Transcription and preservation of manuscripts hold an important place in the Buddhist tradition. Shechen Publications has printed over 12,000 Tibetan texts and shared them with monasteries, universities, and study centers throughout the world.
Writings by Dilgo Khyentse Rinpoche and other Shechen teachers are available in translations throughout the world.
"I will speak a little about how to destroy one's clinging to the notion of reality with the great medicine, bodhichitta, the essence of the Mahayana path, the road travelled by all the buddhas and bodhisattvas. Keep this in mind when in dire straits upon the vast plain of clinging to life's appearances."
So begins THE GREAT MEDICINE: A Remedy that Conquers Clinging to Reality, a moving text written in verse by Shechen Gyaltsap Gyurme Pema Namgyal. Shechen Rabjam Rinpoche's commentary explores the foundation of awakened mind, the inner workings of loving kindness and compassion, the view of emptiness, and the practical applications of this understanding on the path. Rinpoche's teaching style is refreshing
and direct, using examples from his own experience and anecdotes about his teachers and the lineage to illustrate the importance of mingling the Buddhist teachings into ones own life.
"We need to gain real experience with these valuable instructions and integrate them into our lives. Doing so is the only reason to study them. The result of spiritual practice should be our inner transformation into a better human being. After years of practice we should gain a sense of inner peace and become less vulnerable to outer circumstances. Inner freedom, relaxed and open happiness, as well as joy will arise when negative emotions and mental confusions disappear. In contrast, we will have missed the point of the practice if our mental poisons remain all-powerful, torment us constantly, and cause us to remain preoccupied with ourselves."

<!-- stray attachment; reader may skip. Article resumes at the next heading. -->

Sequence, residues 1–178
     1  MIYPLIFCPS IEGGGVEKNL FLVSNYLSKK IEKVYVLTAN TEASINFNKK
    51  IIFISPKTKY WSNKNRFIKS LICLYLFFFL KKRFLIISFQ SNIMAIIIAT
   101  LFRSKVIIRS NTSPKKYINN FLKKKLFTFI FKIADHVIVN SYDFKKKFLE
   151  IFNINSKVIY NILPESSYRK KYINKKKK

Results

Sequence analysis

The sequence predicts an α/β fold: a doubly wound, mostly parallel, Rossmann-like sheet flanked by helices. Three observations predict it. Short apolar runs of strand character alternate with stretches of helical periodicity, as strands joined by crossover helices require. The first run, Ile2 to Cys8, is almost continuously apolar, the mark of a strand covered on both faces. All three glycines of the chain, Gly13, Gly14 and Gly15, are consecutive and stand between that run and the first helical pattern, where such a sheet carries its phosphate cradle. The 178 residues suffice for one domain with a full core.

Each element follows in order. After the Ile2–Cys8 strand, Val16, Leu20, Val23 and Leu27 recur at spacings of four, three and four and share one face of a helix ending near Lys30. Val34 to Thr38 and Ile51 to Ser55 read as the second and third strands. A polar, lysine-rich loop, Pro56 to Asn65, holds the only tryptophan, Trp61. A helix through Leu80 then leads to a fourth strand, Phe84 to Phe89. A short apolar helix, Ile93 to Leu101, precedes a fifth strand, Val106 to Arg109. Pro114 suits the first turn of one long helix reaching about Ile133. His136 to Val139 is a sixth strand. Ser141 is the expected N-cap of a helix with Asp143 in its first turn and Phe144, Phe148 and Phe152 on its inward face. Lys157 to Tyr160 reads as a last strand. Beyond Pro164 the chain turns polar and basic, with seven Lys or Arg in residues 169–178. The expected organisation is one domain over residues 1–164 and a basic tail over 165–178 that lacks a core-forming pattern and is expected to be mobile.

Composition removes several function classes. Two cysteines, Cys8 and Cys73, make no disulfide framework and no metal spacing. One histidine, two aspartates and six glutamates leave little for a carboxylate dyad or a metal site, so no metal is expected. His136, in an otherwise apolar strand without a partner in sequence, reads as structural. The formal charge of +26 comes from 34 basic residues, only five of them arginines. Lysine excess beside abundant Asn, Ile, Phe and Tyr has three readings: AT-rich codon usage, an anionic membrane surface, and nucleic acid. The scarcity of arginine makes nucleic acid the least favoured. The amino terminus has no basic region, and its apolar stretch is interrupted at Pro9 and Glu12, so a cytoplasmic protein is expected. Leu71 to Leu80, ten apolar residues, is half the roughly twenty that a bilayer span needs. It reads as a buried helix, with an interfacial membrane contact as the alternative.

Shechen Gyaltsap Gyurme Pema Namgyal, (1871-1926) was one of the most learned and accomplished practitioners of his time. His 13 volumes of writings contain many lucid and profound commentaries. He was the root teacher of Dilgo Khyentse Rinpoche.
The 7th Shechen Rabjam Rinpoche, born in 1966, is the grandson and spiritual heir of Dilgo Khyentse Rinpoche. He is the abbot of Shechen Monasteries and Nunnery in Nepal, India, and Bhutan and the founder of a number of on-going humanitarian projects. (Source: Back Cover)
Namgyal, Shechen Gyaltsap Pema. The Great Medicine: A Remedy That Conquers Clinging to Reality; Steps in Meditation on the Enlightened Mind. Explained by Shechen Rabjam Jigme Chokyi Senge. New Delhi: Shechen Publications, 2006.
Namgyal, Shechen Gyaltsap Pema. The Great Medicine: A Remedy That Conquers Clinging to Reality;Steps in Meditation on the Enlightened Mind. Explained by Shechen Rabjam Jigme Chokyi Senge. New Delhi: Shechen Publications, 2006.;The Great Medicine;The Fourth Shechen Gyaltsap Gyurme Pema Namgyal;ཞེ་ཆེན་རྒྱལ་ཚབ་༠༤་འགྱུར་མེད་པདྨ་རྣམ་རྒྱལ་;zhe chen rgyal tshab 04 'gyur med pad+ma rnam rgyal;o rgyan mi 'gyur kun bzang bstan pa'i rgyal mtshan;ཨོ་རྒྱན་མི་འགྱུར་ཀུན་བཟང་བསྟན་པའི་རྒྱལ་མཚན་; Shechen Rabjam Rinpoche;འཇིགས་མེད་ཆོས་ཀྱི་སེངྒེ་;'jigs med chos kyi seng+ge;Matthieu Ricard;The Great Medicine: A Remedy That Conquers Clinging to Reality;Steps in Meditation on the Enlightened Mind;Zhechen Gyaltsab, 4th